Wednesday, September 12, 2007

My Chili Recipe

The high today was in the low/mid 80's and the low tonight is supposed to be 65°F. It sure feels like...

Chili cooking weather.

As it is a bit to late in the day to get started on a pot of chili, I think I'll just post my basic chili recipe. Enjoy.

Note: this recipe does change just about every time I make it.

Before you start, toast 3 Tbs of cumin seeds in a 300 deg. oven for a few minutes until just lightly browned. Crush the seeds with a mallet (or use a coffee grinder that you have set aside for spices like I have)

1. Puree 3 tomatoes, one 10-18 onion, 1/4 tsp Mexican Oregano, 2 tsp Paprika and 1 clove of garlic together and set aside.

2. Saute' 4 bunches of chopped scallions, 5 bell peppers, 5 serrano chilies, 1 lb chorizo (or any other hot sausage) and at least 4 garlic cloves until the sausage is brown and the onion is clear. Remove from pot.

3. Sear four lbs of beef (small cubed or course ground) that has been seasoned with Chef Paul Prudhomme Meat Magic in the sausage drippings, add a bit of lard if necessary. Just before the meat is totally finished, add a good dollop of honey.

4. Add the puree from step 1 and slowly bring to a simmer.

When the beef/tomato mixture starts to simmer, add the veggies from step 2. Also add 2 Tbs of kosher or sea salt, 4 Tbs of ground hot red chili, 4 Tbs of a milder ground red chili, a couple Tbs or so of Paul's Meat Magic and the cumin seeds. I often add a chipotle adobo paste at this point, depends on who I am cooking for.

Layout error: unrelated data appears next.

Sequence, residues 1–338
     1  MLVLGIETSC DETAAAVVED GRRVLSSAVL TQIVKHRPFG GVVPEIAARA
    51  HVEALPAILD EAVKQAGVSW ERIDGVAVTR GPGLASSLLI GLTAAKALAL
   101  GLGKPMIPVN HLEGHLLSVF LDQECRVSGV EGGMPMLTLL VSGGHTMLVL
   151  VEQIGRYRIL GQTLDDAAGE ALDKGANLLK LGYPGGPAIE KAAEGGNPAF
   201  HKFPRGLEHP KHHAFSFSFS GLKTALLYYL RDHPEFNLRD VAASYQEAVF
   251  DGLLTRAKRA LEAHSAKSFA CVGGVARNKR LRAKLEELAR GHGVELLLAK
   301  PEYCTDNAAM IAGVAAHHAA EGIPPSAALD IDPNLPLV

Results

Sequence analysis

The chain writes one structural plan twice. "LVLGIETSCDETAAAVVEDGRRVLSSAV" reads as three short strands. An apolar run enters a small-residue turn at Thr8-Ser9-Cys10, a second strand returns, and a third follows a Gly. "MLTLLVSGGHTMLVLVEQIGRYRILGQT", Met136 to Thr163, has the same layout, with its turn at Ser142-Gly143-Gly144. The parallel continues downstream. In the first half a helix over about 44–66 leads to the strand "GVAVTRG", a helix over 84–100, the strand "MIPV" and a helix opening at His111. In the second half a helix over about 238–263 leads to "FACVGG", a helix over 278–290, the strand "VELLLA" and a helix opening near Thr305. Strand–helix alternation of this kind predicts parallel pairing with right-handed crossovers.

Add enough water or beer or beef broth or ... to cover the contents of the pot plus a bit for evaporation. Bring to a boil then reduce heat and simmer, lightly covered (lid off set a bit) for 4 to 6 hours. Taste after 3 hours or so and adjust seasoning.

Depending on who I am cooking for, I will often add chopped peppers in the last 1/2 hour or so of cooking. Just what ever peppers are in the market at the time with an equal amount of red or orange bell peppers.

There are only a couple of things that are important in the recipe. The cumin is very important to chili. I like the toasted seeds, but you can use ground cumin. Start out with 1 Tbs and work your way up from there. A good, quality dried chili is also very important.

Somewhere around here I have the recipe that was used by the Yuma Territorial Prison, I just can not seem to find it at the moment. Now that was basic chili.

Oh... if you are going to add beans, add cooked beans just early enough to heat them through when the chili is done.

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